Poco ‘All Fired Up' (Drifter's Church Productions)
Steel Guitar Hall of Famer Rusty Young is the last original man standing in a group that helped forge the California-style country-rock sound that the Eagles would soar so high with in the '70s. In fact, bassist Randy Meisner left Poco during the recording of its 1969 debut album to later help found the band that made Don Henley rich and famous.
Meanwhile, Poco's fortunes haven't flown so high, with a revolving-door lineup that at one point included another future Eagle, bassist Timothy B. Schmit.
But that was then and this is now, and Poco has never stopped touring through all the personnel changes, although “All Fired Up” is the band's first studio album in 11 years, the 19th in its 45-year existence. And Young is determined to prove the classic Poco sound is still alive and vital.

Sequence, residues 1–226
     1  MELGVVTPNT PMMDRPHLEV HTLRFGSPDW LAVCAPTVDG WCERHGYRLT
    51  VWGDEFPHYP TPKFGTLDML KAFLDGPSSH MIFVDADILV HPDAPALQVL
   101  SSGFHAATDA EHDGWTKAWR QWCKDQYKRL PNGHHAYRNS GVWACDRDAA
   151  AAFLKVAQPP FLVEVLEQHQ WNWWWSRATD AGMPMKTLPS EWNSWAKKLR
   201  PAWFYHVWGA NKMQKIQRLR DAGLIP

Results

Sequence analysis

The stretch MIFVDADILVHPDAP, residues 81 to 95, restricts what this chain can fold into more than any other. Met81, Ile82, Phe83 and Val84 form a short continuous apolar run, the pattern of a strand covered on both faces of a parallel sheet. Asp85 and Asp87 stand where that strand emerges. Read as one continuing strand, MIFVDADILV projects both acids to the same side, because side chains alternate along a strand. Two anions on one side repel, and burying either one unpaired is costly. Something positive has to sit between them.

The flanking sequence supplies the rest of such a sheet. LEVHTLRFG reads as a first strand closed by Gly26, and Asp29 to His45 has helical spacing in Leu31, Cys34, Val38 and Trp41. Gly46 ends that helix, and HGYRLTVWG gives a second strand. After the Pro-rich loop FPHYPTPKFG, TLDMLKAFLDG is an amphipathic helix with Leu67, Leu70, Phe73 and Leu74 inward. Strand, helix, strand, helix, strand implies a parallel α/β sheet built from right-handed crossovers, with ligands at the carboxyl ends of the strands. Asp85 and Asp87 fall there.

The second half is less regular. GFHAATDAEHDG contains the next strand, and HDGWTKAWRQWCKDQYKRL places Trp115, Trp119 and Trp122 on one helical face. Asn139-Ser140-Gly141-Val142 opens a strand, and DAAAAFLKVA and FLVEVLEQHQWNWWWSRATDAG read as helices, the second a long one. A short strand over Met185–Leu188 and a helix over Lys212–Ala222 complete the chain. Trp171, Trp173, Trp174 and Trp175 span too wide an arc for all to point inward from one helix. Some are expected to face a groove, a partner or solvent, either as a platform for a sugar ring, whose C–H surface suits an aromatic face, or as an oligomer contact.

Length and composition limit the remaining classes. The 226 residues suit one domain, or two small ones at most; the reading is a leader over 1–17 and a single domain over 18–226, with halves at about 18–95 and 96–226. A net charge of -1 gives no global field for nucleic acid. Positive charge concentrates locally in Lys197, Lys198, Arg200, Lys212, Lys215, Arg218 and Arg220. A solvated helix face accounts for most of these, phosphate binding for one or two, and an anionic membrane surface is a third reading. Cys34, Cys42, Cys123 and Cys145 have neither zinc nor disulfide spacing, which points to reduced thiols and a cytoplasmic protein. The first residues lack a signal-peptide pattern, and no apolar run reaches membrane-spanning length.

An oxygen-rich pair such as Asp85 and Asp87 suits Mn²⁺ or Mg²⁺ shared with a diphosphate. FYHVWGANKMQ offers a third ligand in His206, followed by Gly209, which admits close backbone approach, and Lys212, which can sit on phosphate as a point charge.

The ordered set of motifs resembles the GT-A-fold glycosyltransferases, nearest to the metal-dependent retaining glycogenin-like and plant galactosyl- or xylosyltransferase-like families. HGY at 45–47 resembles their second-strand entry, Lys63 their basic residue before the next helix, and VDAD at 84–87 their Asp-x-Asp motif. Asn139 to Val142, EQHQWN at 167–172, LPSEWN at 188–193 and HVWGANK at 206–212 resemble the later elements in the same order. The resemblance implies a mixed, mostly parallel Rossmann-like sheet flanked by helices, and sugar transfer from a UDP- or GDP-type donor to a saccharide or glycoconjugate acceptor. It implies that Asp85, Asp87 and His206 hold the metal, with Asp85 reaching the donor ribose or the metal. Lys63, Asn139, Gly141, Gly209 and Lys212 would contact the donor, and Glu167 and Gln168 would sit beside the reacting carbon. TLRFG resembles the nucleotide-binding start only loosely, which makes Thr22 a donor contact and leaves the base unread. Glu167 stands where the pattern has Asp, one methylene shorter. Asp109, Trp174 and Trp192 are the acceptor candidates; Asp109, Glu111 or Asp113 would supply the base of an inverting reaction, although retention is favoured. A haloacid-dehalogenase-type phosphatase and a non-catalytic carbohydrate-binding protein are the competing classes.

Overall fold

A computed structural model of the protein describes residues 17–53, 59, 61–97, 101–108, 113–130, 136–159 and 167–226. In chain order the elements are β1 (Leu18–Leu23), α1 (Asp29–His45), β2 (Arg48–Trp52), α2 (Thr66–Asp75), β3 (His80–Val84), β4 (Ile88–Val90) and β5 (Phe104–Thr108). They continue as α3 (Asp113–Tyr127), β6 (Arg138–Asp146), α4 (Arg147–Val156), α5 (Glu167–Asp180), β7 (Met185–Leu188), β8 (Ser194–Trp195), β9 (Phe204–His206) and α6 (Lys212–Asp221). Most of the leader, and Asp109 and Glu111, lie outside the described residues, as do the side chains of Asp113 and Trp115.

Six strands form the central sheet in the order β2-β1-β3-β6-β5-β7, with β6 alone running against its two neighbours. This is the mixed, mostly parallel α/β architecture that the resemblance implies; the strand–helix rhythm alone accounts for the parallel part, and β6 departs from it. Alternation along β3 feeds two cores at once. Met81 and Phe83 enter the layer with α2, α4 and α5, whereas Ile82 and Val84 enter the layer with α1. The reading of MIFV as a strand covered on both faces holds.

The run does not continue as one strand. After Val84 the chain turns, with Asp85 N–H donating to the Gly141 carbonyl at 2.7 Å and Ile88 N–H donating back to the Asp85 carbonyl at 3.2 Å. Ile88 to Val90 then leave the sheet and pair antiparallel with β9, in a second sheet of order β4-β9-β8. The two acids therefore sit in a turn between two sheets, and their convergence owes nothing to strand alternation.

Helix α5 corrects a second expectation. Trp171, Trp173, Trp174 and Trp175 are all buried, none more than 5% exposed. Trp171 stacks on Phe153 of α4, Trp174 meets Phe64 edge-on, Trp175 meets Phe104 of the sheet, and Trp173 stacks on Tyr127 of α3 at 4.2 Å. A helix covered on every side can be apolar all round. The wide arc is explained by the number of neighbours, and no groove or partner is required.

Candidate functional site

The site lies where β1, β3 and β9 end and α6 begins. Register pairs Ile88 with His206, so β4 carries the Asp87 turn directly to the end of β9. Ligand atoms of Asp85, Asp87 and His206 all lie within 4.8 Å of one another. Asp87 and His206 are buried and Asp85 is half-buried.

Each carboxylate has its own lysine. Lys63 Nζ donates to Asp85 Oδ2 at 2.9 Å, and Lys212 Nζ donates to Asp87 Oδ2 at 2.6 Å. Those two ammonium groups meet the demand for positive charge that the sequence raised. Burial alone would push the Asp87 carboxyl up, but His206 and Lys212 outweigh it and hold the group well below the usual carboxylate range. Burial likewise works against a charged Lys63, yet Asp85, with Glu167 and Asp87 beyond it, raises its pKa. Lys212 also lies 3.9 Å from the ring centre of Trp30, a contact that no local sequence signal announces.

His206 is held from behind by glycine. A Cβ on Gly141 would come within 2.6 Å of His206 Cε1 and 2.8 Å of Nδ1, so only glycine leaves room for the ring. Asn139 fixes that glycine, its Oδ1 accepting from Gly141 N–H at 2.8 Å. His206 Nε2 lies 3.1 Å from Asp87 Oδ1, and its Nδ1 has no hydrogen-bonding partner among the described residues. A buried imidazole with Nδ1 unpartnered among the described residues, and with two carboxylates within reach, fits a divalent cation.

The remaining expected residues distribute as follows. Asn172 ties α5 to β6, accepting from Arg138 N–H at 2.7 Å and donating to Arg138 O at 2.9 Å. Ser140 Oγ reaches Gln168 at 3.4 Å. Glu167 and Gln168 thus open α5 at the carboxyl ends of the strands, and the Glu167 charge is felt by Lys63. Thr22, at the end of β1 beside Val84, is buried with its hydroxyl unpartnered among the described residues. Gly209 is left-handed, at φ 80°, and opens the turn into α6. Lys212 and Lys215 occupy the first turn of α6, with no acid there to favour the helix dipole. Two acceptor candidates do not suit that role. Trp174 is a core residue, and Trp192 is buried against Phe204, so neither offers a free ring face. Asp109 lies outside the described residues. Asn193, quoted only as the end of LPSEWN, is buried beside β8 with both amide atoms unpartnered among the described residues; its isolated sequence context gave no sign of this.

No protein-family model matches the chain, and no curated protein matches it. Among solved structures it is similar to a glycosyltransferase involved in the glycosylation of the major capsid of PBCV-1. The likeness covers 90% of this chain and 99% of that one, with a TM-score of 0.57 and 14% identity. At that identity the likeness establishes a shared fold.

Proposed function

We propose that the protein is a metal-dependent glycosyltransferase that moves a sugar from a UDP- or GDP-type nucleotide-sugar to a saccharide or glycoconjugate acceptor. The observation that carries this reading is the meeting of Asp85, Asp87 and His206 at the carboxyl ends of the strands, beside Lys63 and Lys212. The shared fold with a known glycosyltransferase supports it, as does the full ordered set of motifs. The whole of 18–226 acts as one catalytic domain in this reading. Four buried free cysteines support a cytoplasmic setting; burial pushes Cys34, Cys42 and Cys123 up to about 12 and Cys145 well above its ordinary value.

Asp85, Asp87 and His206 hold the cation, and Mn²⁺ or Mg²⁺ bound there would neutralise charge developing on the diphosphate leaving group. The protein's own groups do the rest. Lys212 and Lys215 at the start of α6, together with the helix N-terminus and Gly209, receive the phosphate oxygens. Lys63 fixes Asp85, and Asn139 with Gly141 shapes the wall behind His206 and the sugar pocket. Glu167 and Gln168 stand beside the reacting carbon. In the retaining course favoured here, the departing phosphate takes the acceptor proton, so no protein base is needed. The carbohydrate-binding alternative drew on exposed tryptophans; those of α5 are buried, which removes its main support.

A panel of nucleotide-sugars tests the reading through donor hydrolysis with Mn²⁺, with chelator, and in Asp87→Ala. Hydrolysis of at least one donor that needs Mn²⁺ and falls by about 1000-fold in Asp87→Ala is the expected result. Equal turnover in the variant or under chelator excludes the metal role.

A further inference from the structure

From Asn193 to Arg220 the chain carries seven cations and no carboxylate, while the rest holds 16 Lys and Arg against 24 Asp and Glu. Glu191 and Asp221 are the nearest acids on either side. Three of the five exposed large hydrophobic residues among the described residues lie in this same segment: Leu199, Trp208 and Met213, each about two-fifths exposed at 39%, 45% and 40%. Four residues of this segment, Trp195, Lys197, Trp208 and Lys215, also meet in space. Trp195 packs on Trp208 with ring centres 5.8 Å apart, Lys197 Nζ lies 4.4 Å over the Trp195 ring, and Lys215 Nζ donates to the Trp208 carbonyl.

The good news is he acquits himself beautifully on the opening title track, an upbeat, handclapping reel that fairly sparkles with pedal steel, dobro, mandolin and pitch-perfect harmonies as Young declares “Let's do it all again / Like we did back when / We're all fired up.” Founding drummer George Grantham adds to the heat as special guest percussionist.
New keyboardist Michael Webb adds piano and organ elegance to Young's showpiece brokenhearted ballad “Regret,” which features a soul-stinging electric guitar solo by Young midway through. Current drummer George Lawrence lends an infectious, altered-military/jazz beat to the blues-tinged dobro rocker “A Little Rain,” and bassist Jack Sundrud's melancholy acoustic ballad “Hard Country” is a particular standout.
And in a lighter vein, the band does a pretty fair imitation of Crazy Horse on “Neil Young,” as Rusty Young quashes a longstanding rumor: “Neil Young is not my brother / We hardly know each other.”
Former members Richie Furay, Jim Messina and Paul Cotton may be missed, but with his new partners, Young's carrying on the tradition just fine.
— Gene Triplett